Monday, June 15, 2009

How a passing threat helps AP

In the previous post, I suggested Brett Favre would open things up for Adrian Peterson to have a career year, and Jason wondered how much more we can really expect from AP. I can certainly be more specific: I believe a passing threat would help Peterson to be a more consistent runner.

Adrian Peterson
averaged 4.8 yards per rush in 2008, and this hefty average was buoyed by a lot of long runs. Peterson led the league with 20 runs of 20+ yards. But according to Football Outsiders, Peterson had a success rate of 46%, which ranked 23rd in the league. Peterson had a lot of dazzling runs, but he also got stuffed at the line of scrimmage a lot. This was most evident in the final two games; here are the yards Peterson gained on each of his carries.

versus Giants: 1, -4, 1, 4, 3, 0, 3, 3, 67, -1, -1, 3, 7, 2, 6, 5, -2, 0, 7, 1, -2

versus Eagles: -1, -1, 2, 2, 6, 2, 40, 6, 0, 6, 1, 3, 0, 2, 0, 3, 0, 5, 5, 2

Perhaps the immensely talented Peterson tries to break too many runs to the outside and thus gets stopped quickly (I sensed this in the second half of 2007, but not 2008). Or perhaps Peterson gets stuffed a lot because defenses fear the Viking run but don't fear the Viking pass. The defense is crowding the line, focusing on stopping Peterson, because he's been more likely to beat the opponent than Tarvaris Jackson, Kelly Holcomb, Brooks Bollinger, or Gus Frerotte.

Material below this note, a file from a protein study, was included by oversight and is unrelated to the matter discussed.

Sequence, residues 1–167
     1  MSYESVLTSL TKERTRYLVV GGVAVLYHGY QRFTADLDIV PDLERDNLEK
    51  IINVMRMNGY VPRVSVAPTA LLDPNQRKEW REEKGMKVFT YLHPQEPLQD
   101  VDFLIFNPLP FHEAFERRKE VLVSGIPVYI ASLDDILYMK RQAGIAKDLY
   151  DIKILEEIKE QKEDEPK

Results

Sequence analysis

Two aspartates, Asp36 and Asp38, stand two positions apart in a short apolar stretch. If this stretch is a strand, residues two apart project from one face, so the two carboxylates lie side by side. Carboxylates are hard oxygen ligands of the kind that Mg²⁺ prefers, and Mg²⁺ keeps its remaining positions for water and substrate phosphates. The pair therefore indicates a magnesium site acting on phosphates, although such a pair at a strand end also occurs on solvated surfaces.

That's why I think a legitimate passing threat would make Adrian Peterson a more successful runner. I don't know that his yards per rush would be higher, and I certainly doubt his total yards would be higher. But Peterson could become a more consistently productive runner. My hope would be that those runs of -1, 0, or 1 yard could more frequently turn into runs of 3, 4, or 5 yards. Those types of runs don't make Peterson look like a stud, but they do help the Vikings pick up first downs and drive down the field.

I do think Brett Favre would provide this passsing threat so that the Viking running game could become more productive by becoming more consistent. By threat, I mean the potential for positive passing plays, enough to force the defense to account for the pass (I still recognize the potential for negative passing plays, too).

But while I don't believe Tarvaris Jackson provides this thread, I do think Sage Rosenfels could. That's why I'd prefer the Vikes start Rosenfels and see what he can do.


  1. Lot of questions still left wether Favre or Sage plays Q.B..Chilly holds the team back by not playing to their strong points.A lot of those 8 man fronts could have been negated by quick screen plays and quick dump offs to A.P.
    To have Favre come in would be a boon but also bane to the Vikes but would be an improvement over T.J. not knocking T.J..

  2. You might be right about the consistency. I always look at Barry Sanders as the primary case in this argument, who pretty much always had an awful quarterback. A friend and I were talking about how he always seems to make three moves behind the line of scrimmage on first down (-2 yard loss), bounce outside and get taken down on second down (1 yard gain), and then do something amazing on a third-down draw (25 yards).